Many other books are challenged because they have content which touches on homosexuality, something a certain demographic doesn’t like.  To challenge and remove these books elevates a section of our society at the expense of marginalising another – it sends a message that it’s acceptable to attach value judgements to who people are.  That is as daft as saying we’re going to remove any books that have references to people who are not blond-haired and blue-eyed as they are the chosen few (hmm, I wonder which historical period decided that blond hair and blue-eyes denoted superiority ….).  What struck me as I catalogued past banning was how ridiculous some of the reasons seemed in the present day, how ignorant and outdated – surely people will look back at this period with similar scorn a 100 years in the future.  Another reason cited was that of racism, especially appended to books which dealt with or were written in a period of time when there were issues of slavery and race-discrimination.  Surely it is more educational to teach these books (some of which are great members of the literary canon) in the context of the political and social arena they were published into and born from?

Essentially for me, freedom of speech and ideas is a cornerstone of our society and to give away any of it, even by increments, begins the slide to restriction that more abhorrent political regimes have gone down before us (check out the amount of banning that took place in countries such as South Africa and Russia in the past).  I am a reader, I love books so they, for me, are the ultimate symbol of my freedom to think, learn and debate.  Take away books (and other forms of writing) and people have to physically come in contact with someone to exchange ideas.  I don’t always agree with what I read, but I want the ability to read it.  Take that away from me and I am intellectually crippled to a degree.  As I said in the title, an emotive issue.  Whatever your stance on it, I can recommend that you check out the Banned Books Library on LibraryThing, it’s a work-in-progress but a very educational one!


6 thoughts on “Banned Books – An Emotive Issue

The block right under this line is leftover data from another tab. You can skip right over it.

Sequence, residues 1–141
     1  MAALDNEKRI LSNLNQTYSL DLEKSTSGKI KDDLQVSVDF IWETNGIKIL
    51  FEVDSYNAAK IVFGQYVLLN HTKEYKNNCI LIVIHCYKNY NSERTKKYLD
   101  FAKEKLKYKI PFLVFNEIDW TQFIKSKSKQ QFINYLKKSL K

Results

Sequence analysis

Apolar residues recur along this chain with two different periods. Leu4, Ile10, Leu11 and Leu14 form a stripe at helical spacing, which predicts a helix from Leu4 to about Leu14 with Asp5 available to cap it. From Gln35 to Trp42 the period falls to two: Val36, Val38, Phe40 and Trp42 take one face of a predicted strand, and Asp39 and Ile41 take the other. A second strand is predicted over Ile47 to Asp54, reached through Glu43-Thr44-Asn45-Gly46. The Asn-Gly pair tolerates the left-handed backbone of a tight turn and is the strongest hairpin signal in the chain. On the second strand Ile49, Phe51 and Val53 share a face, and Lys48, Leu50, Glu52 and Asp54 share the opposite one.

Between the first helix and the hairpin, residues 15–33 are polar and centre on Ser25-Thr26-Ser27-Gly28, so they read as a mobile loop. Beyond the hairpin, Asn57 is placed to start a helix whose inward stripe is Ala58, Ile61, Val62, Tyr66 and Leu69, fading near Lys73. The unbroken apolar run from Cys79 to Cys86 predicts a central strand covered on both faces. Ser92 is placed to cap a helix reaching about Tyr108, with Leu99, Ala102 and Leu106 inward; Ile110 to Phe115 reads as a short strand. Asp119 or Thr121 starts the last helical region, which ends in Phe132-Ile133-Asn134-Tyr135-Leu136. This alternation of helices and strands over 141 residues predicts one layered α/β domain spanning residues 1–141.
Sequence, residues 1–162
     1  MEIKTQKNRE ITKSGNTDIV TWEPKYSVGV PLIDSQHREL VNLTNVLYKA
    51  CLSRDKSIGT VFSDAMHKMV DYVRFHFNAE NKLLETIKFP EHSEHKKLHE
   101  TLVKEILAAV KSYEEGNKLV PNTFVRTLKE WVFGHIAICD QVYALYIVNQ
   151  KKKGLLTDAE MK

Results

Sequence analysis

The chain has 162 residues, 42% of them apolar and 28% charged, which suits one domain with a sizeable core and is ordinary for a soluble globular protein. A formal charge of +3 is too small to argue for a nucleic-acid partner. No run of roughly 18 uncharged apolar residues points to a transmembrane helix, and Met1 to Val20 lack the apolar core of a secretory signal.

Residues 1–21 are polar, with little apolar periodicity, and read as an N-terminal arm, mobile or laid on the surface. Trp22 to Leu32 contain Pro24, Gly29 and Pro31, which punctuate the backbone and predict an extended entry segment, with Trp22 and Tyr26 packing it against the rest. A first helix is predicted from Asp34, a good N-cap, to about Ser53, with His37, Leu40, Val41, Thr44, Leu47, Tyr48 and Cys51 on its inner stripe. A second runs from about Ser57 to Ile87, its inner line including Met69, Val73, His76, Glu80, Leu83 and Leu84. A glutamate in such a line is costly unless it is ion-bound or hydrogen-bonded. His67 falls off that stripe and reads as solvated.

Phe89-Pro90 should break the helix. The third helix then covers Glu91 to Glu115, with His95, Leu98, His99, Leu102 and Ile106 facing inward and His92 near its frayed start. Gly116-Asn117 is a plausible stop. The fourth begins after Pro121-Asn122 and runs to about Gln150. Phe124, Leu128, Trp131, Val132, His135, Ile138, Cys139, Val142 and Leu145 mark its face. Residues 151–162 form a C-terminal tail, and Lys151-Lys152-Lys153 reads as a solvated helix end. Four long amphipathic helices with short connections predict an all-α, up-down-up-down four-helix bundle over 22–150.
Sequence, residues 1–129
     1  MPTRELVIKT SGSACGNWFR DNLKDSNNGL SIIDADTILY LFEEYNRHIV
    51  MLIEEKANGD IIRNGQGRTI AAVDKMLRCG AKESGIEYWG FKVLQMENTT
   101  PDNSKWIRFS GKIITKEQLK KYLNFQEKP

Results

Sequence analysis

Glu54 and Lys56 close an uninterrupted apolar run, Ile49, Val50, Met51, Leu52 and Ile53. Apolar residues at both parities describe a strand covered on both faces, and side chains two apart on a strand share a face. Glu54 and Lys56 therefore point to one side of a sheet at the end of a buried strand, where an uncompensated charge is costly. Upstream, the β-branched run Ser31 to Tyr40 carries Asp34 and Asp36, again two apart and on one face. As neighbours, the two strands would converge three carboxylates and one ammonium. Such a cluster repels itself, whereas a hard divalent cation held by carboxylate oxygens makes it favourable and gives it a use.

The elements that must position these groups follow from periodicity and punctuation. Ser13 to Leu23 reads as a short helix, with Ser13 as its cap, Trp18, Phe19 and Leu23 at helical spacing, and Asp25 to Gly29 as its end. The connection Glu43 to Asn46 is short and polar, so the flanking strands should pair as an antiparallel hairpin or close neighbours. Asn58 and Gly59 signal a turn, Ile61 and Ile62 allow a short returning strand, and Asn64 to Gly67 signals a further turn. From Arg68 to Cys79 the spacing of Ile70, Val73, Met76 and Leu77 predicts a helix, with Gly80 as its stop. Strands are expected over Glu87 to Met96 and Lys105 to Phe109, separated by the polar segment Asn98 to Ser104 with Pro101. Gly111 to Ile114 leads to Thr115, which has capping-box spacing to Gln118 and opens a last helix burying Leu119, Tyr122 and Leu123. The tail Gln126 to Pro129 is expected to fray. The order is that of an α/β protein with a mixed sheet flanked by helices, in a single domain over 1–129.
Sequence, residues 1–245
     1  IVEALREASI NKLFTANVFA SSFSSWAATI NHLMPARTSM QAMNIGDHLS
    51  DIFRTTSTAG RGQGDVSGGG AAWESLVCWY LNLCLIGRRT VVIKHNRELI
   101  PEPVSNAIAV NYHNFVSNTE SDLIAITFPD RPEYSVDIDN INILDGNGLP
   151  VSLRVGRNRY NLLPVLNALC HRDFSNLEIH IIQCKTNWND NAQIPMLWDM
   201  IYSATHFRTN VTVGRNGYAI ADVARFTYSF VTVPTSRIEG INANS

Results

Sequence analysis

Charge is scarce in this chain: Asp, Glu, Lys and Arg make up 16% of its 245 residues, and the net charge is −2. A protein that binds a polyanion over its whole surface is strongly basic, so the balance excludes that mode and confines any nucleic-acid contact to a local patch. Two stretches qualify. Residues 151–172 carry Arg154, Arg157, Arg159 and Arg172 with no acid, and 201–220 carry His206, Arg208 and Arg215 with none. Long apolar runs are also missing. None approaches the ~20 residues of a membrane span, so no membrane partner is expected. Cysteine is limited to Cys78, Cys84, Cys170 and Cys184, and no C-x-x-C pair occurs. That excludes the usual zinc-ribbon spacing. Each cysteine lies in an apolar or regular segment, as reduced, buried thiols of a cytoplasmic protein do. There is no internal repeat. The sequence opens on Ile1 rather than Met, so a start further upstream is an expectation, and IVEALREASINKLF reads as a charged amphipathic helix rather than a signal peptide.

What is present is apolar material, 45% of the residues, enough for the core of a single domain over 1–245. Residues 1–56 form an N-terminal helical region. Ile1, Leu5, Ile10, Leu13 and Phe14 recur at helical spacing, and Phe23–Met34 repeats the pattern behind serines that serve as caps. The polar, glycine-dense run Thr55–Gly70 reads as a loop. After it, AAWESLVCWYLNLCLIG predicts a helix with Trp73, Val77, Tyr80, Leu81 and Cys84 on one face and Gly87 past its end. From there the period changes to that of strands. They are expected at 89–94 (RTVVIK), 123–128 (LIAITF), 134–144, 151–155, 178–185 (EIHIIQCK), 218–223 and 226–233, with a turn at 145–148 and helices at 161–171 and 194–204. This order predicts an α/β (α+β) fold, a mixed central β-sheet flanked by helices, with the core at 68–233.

1. I used to be regularly called upon by the Writer’s Guild to promote “Freedom To Read Week” (our Canadian version of “Banned Books Week”) and one of my favorite things to do was go into a high school class and tell them I was going to be reading from some of the most banned books of all time. A shiver of interest went through the room, kids thinking they were going to be treated to some real smut. I’d open the first book and commence to read:

    “In the beginning, God created the Heaven and the Earth…”

    It always got a gratifying reaction.

  2. I was actually really surprised at the banning history of the Bible when I started inputting entries into the LT library. I have a history of the Bible kicking around somewhere at home, I’m tempted to dig it out and read it now!

  3. Thank you for an extremely well-written and beautifully articulated post on this subject. Shall we send copies to Sarah Palin?

  4. Banning anything is a difficult issue. I’ve been increasingly concerned about the various internet filtering proposals that are being mooted at the moment. What one person finds deeply offensive might be nor more than mildly irritating to another. The issue that flung the UK’s internet filtering into the spotlight was the great Internet Watch Foundation vs the LP sleeve debacle.
    In re-reading The Rise and Fall of the Third Reich, one of the things that comes across is the huge cultural vacuum that is established when wholesale cultural censorship is in force.
    Just went off to look at the banned books library, but LibraryThing is down again!